We can take action against owners of empty properties who persistently refuse to cooperate with requests from us to maintain or secure a property and who have resisted all attempts by the us to bring their property back into use.
The following lists the different types of enforcement action we can take:
Section 215 of the Town & Country Planning Act 1990 gives local councils the powers to address unsightly land or the external appearance of an empty property which is causing issues for neighbouring properties or the community.
Due to potential hazards, section 29 of the Local Government (Miscellaneous Provisions) Act 1982 gives local councils the power to secure an empty property by either boarding up or fencing off the property.
Empty Dwelling Management Order (EDMO)
The Housing Act 2004 gives local councils the power to take over the management of an empty property. Empty Dwelling Management Orders can be made against properties that have been empty for more than six months, although some properties may be exempt. An Empty Dwelling Management Order could mean a landlord loses the right to decide how the property is managed and who lives in it. The only sure way to prevent this from happening is for the owner to bring the property back into use.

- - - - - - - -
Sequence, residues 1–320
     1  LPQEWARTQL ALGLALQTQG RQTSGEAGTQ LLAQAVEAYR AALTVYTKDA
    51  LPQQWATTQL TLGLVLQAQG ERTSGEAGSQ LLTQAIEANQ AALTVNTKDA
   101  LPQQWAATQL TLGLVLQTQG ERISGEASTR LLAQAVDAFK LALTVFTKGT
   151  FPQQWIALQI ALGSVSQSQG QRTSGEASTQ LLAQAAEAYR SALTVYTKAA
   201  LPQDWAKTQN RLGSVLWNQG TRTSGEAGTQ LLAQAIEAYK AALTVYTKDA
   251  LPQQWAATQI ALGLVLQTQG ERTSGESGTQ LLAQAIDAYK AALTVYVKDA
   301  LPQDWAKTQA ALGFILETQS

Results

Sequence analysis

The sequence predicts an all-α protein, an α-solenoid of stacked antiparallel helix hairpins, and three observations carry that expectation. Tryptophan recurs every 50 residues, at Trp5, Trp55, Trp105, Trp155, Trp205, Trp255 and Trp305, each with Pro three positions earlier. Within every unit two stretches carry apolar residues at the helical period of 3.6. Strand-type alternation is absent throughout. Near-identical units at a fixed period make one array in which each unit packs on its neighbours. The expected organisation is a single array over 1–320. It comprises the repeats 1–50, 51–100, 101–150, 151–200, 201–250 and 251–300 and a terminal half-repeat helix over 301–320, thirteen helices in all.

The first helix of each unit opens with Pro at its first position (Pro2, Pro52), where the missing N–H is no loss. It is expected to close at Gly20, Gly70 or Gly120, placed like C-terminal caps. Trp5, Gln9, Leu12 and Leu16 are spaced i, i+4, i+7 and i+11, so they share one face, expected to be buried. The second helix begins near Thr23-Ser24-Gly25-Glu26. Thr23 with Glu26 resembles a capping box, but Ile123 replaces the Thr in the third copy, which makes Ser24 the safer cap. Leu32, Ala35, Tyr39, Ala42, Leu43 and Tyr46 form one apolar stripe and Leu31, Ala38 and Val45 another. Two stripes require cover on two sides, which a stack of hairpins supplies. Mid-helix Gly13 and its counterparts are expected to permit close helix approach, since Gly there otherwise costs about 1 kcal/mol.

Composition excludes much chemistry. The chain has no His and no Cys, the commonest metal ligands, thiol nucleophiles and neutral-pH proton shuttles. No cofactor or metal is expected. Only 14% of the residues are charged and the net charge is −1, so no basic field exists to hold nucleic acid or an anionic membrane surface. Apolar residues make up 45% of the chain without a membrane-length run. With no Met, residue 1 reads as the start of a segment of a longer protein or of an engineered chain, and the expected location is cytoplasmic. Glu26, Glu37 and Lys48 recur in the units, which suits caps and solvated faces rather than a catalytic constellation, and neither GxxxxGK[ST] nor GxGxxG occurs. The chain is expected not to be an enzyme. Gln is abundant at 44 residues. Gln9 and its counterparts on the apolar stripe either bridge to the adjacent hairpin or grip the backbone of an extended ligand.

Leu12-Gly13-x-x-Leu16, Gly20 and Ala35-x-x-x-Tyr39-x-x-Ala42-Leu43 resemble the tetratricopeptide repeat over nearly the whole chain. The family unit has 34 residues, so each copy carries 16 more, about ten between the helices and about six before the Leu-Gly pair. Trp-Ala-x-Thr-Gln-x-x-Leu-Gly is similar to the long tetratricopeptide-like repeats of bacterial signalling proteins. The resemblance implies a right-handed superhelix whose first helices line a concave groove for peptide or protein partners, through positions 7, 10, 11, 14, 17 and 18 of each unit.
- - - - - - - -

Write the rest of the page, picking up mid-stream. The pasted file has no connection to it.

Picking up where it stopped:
The Law and Property Act 1925 gives local councils the rights of a mortgage lender where the local council has issued and enforced a land charge against a property, so that a sale can be enforced to recover the debt.
Compulsory Purchase Order (CPO)
Section 17 of the Housing Act 1985 gives local councils the power to acquire buildings and land through compulsory purchase. This allows Compulsory Purchase Orders to be made for the purpose of providing housing accommodation or facilities connected to housing accommodation, for example environmental improvements. A Compulsory Purchase Order is an extreme measure and a lengthy administrative task and will only be considered when all other options have been exhausted.
For further information please contact us: